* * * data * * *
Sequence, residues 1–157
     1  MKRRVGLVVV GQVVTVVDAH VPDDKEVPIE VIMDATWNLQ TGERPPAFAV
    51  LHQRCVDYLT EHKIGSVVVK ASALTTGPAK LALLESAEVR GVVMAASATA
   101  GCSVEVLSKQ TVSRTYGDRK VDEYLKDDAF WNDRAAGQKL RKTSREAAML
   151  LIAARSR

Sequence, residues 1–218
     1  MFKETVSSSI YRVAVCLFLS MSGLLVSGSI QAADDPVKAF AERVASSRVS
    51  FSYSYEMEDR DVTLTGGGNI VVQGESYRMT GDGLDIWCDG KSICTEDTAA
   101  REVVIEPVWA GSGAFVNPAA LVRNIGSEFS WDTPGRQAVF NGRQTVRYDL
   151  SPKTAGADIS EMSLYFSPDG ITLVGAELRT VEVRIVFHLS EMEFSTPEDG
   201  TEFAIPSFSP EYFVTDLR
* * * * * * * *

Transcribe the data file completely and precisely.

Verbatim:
Sequence, residues 1–157
     1  MKRRVGLVVV GQVVTVVDAH VPDDKEVPIE VIMDATWNLQ TGERPPAFAV
    51  LHQRCVDYLT EHKIGSVVVK ASALTTGPAK LALLESAEVR GVVMAASATA
   101  GCSVEVLSKQ TVSRTYGDRK VDEYLKDDAF WNDRAAGQKL RKTSREAAML
   151  LIAARSR

Sequence, residues 1–218
     1  MFKETVSSSI YRVAVCLFLS MSGLLVSGSI QAADDPVKAF AERVASSRVS
    51  FSYSYEMEDR DVTLTGGGNI VVQGESYRMT GDGLDIWCDG KSICTEDTAA
   101  REVVIEPVWA GSGAFVNPAA LVRNIGSEFS WDTPGRQAVF NGRQTVRYDL
   151  SPKTAGADIS EMSLYFSPDG ITLVGAELRT VEVRIVFHLS EMEFSTPEDG
   201  TEFAIPSFSP EYFVTDLR